among the inmates, and rapid modifications were strongly
urged.
The team's final contention was, "the mere size and
structure of the facility creates an impersonal, dehuma-
nizing atmosphere in which staff and inmates both suffer."
Such a large inmate popUlation in ratio to the number of
staff caused problems in supervision, especially at night
when fewer correctional officers were on duty. The team
stressed the absence of any single identifiable factor re-
sponsible for the homicides at Atlanta, attributing them
132.
instead to a combination of factors including the physical
design of the Penitentiary (Department of Justice 1978b:18-
20)
The Atlanta Penitentiary shows what can result from an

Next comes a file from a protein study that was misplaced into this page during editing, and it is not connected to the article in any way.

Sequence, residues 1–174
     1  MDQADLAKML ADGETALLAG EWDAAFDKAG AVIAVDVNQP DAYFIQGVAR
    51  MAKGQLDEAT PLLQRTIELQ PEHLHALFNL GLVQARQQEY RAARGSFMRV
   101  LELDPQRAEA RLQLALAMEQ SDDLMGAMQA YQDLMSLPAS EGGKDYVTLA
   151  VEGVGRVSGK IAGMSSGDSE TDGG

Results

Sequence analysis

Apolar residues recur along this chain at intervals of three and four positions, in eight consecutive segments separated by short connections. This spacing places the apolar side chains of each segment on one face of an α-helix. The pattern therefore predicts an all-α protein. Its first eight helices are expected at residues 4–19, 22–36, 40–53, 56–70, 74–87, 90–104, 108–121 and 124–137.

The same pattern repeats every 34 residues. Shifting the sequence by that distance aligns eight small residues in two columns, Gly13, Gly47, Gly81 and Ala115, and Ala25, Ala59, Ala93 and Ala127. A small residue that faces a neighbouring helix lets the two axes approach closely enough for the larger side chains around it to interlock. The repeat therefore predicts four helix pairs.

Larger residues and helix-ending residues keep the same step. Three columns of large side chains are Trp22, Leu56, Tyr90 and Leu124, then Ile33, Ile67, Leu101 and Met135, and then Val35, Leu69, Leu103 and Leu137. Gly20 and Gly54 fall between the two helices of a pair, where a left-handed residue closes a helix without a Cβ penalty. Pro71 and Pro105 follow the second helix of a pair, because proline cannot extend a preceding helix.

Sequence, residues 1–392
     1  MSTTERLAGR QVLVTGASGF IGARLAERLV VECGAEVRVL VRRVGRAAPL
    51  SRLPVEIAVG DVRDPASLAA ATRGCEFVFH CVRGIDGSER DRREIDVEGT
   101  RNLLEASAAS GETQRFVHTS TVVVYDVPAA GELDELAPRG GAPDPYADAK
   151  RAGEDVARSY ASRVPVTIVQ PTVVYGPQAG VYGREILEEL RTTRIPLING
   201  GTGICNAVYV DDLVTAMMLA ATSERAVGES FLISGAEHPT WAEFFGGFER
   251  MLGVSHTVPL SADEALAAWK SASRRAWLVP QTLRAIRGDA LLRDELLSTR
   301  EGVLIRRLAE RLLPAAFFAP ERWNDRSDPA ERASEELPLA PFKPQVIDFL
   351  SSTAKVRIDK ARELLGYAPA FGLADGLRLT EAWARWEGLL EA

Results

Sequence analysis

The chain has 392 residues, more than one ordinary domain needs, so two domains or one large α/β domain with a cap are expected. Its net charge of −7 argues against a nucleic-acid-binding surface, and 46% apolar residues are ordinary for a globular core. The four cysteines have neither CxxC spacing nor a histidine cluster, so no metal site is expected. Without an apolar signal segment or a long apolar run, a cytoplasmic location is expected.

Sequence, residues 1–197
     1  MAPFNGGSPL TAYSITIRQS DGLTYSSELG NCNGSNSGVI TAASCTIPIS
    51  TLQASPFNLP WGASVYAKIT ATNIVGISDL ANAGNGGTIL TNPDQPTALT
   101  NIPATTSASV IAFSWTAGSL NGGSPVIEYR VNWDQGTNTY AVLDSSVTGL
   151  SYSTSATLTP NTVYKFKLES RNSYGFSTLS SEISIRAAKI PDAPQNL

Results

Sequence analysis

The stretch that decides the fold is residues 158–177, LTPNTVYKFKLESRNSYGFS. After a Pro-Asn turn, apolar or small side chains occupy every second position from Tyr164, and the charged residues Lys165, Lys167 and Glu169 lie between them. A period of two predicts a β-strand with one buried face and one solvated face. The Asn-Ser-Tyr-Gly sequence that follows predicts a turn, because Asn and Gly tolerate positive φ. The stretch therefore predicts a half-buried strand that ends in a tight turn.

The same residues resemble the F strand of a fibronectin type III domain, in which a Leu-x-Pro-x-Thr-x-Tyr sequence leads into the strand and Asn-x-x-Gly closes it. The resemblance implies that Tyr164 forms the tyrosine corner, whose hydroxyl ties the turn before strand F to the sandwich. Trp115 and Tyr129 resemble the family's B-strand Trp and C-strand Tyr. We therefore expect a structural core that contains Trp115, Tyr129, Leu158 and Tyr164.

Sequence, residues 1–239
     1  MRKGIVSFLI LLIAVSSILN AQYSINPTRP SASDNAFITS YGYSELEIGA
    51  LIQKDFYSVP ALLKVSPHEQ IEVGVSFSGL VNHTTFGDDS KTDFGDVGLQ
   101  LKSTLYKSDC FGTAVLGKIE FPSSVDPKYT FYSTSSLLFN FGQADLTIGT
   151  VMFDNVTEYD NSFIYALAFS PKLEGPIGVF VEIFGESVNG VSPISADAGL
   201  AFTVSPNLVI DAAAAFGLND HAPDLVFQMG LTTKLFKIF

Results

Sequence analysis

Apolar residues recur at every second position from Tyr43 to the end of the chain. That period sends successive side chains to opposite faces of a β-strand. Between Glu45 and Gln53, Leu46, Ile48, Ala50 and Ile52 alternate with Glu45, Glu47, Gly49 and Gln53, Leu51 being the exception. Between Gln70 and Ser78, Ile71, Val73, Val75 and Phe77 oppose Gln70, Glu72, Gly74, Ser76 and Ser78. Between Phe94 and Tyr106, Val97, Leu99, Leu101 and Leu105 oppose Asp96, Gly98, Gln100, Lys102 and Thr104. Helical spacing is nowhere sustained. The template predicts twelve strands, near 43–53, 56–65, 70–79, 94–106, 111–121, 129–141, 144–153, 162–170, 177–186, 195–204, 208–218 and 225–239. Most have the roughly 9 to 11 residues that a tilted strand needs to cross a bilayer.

overpopulated, oversized, outdated institution being per-
mitted to function without modification of plant or man-
agement. Though the telephone-pole deSign can be very eco-
nomical in terms of utilties and so forth, there is often a
real problem in keeping various inmate classifications apart.
In a 1974 study of violence in prisons, inmates were asked
"What would you do to reduce the number of stabbings, fights,
and beati!Ugs that go on around here?" The most common re-
sponse was "Separate inmates from each other." Obviously,
more potential group and individual interaction is directly
tied to more potentially aggressive confrontations (Ellis,
Grasmick, and Gilman 1974:33), Here again is emphasis on
the importance of single cell as opposed to dormitories, and
smaller housing units as opposed to massive cell blocks.
Also, as inmates of medium- and minimum-securty institutions